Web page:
January 30, 2018
Dylan Furlano '14 left Susquehanna feeling prepared for whatever graduate school could throw her way.
"My education at SU taught me to think both critically and creatively. The wide variety of curricula allowed me to develop skills in adaptation and enjoy the challenge of the unknown," she adds.
Working at State Farm during the day, she spent her evenings working toward a master's degree in Holocaust and genocide studies from West Chester University. She hopes to work in international policy or law, furthering human rights issues.
Originally a creative writing major, Furlano was encouraged by a professor to add an economics major after taking an elective her first semester.
"Economics is a way of thinking. I've found that even if I'm not purposefully tapping into that part of my brain, my training from SU's program still guides and influences my thinking. I'm grateful to have it as another lens through which I can view my own work and the world at large," she says.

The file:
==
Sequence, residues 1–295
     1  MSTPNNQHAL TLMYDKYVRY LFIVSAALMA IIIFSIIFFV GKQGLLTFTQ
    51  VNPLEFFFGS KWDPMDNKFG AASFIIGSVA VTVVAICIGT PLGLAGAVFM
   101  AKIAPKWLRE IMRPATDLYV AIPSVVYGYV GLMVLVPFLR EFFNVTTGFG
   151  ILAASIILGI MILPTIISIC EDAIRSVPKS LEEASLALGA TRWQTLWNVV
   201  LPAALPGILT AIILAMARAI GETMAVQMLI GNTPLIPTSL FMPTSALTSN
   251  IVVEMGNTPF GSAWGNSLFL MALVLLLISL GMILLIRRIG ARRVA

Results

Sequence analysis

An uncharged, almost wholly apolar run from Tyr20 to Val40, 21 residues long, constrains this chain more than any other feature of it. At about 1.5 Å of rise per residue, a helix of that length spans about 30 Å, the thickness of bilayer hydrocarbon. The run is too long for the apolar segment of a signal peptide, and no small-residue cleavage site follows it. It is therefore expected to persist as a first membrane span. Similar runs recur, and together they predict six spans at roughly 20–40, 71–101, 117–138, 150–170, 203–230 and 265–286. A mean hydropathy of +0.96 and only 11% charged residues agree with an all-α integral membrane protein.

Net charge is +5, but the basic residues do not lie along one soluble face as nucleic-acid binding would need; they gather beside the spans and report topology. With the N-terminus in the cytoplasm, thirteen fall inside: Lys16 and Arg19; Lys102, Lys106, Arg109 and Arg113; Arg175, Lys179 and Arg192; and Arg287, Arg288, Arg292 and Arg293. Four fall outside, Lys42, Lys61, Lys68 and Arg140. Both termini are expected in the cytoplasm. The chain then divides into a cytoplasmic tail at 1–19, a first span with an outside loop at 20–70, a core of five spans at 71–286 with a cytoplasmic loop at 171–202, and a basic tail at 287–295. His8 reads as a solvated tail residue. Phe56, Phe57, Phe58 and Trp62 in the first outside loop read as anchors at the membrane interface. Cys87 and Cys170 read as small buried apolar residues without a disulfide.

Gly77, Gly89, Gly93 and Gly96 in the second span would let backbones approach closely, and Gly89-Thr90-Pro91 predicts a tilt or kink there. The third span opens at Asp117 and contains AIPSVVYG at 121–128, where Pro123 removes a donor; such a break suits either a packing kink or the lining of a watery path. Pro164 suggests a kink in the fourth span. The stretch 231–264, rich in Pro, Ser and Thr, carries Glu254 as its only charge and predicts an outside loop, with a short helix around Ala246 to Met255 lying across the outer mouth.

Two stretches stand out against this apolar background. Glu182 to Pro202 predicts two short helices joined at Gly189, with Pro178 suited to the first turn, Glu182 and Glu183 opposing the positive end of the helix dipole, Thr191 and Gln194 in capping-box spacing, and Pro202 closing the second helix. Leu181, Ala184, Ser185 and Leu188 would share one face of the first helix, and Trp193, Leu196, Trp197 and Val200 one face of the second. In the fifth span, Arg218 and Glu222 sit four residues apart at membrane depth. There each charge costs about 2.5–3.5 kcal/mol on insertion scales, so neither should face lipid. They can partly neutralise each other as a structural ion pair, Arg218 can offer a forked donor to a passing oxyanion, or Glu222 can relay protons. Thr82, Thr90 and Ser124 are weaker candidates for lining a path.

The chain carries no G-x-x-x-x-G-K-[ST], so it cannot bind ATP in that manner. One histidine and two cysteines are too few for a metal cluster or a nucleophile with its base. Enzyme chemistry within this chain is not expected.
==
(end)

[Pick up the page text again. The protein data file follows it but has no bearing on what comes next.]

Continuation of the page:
"I encourage all students to seek out faculty members. They are one of the greatest resources available at SU," Furlano adds.
"I found that I had varied interests and was lucky enough that SU's structure allowed me to pursue them all!" she explains. "Seize all opportunities—you never know where they will lead!"